Let’s pause for a moment and look at the fact that nowhere do I mention a deficiency of Levothryoxine or another pharmaceutical used as thyroid replacement as the cause for thyroid problems. I don’t even mention a lack of Nature-Throid or other naturally derived replacements. This is because thyroid replacement is not the problem that needs to be fixed; it’s by and large other factors (stress, diet, heavy metals, and other things) that need to be addressed in order to alleviate symptoms associated with thyroid disease. The idea that thyroid medication doesn’t adequately address thyroid disease is an enlightening idea for many.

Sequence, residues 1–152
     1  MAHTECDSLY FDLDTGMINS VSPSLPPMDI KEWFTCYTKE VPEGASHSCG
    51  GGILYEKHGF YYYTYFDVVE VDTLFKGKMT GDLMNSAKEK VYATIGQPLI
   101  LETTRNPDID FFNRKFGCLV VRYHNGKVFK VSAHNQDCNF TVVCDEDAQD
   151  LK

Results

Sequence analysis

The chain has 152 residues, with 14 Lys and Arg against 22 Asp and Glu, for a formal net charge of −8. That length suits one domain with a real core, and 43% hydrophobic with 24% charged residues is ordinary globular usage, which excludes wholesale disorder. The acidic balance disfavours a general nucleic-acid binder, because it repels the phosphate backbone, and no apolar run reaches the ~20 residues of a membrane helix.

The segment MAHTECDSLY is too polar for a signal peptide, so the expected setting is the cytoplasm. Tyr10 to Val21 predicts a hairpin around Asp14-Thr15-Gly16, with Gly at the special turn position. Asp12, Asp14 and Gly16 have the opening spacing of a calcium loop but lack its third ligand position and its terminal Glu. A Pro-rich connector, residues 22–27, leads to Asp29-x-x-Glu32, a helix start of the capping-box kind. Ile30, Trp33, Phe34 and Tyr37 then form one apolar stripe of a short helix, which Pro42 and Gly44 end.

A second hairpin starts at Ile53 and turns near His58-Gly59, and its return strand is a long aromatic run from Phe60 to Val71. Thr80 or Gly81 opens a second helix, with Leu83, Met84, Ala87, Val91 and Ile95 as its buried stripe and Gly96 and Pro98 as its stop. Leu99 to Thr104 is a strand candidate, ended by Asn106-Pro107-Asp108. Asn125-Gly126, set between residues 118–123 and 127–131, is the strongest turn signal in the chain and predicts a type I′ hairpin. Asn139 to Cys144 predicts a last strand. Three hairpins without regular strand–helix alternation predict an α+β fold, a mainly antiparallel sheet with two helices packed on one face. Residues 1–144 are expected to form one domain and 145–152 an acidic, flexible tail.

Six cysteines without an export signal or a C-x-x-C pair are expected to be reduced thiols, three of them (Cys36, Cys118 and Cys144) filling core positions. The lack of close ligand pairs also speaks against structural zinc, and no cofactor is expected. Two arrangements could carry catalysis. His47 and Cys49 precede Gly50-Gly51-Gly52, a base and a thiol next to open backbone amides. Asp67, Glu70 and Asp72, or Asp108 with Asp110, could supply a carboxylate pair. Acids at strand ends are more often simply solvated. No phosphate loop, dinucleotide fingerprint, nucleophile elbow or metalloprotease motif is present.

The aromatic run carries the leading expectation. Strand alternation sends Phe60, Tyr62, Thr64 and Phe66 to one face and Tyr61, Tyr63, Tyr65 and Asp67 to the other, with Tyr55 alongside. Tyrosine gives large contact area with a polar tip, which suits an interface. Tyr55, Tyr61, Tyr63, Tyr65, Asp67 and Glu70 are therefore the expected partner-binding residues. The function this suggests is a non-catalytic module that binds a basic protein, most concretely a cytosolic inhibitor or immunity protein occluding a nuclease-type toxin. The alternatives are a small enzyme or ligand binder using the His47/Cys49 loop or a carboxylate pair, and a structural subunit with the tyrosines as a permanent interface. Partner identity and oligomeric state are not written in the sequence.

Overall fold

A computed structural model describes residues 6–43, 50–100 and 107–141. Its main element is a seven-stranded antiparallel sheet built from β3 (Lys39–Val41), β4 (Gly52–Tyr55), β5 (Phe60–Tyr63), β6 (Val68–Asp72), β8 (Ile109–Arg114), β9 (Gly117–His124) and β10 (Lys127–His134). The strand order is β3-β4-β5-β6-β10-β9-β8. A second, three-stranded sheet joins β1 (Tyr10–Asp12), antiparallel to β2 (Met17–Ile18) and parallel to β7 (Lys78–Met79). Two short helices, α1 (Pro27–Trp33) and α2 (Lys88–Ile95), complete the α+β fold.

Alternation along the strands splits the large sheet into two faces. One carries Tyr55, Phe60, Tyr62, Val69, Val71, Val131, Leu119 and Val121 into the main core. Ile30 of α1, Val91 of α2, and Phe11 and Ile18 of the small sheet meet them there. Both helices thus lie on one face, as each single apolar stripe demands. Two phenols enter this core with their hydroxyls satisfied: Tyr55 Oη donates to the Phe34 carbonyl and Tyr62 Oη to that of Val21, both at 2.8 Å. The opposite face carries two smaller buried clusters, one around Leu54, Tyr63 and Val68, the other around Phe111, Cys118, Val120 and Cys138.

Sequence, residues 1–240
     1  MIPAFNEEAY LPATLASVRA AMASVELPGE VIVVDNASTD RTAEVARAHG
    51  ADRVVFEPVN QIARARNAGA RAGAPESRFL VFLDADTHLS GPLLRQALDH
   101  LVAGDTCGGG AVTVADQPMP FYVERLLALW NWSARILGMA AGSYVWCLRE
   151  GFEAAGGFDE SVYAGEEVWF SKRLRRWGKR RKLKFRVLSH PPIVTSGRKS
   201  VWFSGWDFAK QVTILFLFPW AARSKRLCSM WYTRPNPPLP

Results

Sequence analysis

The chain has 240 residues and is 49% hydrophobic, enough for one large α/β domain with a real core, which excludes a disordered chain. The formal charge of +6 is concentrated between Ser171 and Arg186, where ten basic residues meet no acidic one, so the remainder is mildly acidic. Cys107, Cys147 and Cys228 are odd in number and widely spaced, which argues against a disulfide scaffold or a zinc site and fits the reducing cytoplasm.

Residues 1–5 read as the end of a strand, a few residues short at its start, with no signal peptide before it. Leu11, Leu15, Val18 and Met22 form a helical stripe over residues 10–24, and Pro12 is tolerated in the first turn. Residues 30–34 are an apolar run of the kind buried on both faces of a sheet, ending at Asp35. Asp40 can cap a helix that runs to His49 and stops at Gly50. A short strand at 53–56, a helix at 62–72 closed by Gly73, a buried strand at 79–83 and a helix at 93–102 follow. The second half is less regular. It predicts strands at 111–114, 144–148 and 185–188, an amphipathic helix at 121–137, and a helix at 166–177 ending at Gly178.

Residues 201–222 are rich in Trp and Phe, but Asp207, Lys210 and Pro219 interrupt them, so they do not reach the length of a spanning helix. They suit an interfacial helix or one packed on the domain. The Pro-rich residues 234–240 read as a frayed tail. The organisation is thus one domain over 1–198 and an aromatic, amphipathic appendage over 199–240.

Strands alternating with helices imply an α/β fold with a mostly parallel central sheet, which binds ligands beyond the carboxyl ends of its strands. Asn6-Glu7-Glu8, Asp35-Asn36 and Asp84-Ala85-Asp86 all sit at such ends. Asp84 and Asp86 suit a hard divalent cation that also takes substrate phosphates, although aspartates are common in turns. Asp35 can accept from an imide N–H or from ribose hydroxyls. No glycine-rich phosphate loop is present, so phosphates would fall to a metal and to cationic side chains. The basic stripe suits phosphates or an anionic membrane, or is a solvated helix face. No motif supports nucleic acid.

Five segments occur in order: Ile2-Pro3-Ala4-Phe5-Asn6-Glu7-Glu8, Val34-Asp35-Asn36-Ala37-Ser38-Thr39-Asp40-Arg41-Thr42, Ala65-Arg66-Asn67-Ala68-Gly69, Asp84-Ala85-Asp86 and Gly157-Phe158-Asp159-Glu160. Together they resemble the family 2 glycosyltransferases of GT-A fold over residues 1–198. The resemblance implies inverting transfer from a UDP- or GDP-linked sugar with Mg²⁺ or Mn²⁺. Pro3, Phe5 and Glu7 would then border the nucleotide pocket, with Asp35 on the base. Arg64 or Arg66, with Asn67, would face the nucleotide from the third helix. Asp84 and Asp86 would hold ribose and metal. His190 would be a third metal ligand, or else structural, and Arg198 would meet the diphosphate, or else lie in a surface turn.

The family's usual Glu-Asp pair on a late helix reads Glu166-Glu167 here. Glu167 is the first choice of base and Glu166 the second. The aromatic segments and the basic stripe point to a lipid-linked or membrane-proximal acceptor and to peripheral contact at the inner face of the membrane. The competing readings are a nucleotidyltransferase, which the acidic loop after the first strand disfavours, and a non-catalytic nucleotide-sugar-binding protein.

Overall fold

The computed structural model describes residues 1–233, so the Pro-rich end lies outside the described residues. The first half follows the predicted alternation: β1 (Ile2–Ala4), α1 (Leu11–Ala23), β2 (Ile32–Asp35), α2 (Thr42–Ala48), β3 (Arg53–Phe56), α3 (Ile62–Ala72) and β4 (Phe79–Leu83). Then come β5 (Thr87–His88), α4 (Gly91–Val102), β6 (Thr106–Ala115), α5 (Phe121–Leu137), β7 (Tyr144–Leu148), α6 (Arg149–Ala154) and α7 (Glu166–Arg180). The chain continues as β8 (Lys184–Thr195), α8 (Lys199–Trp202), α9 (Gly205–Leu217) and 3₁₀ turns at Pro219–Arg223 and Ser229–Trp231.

To return to the woman at the beginning who came to see me, if stress and a racing mind had been at the root for her (and I emphasize this because everyone has a different constellation of issues that contribute to the development of thyroid disease), which was impacting signaling between her pituitary and thyroid or causing her thyroid to become burned-out compensating for adrenal fatigue, then, yes, choosing to do meditation might have healed her thyroid. However, from the above list you can see that there are many reasons for thyroid dysfunction she hadn’t explored (a poor diet, a chronic infection, excess estrogen, an autoimmune issue, etc). Even if stress was the original underlying cause, by the time she was diagnosed by her MD and then by the time she was in my office, her thyroid, pituitary, and adrenals were all likely in need of nutritional and herbal support to recover before she weaned off the pharmaceutical again. The majority of the time, there are many factors from this list of contributors to thyroid disease that need to be addressed.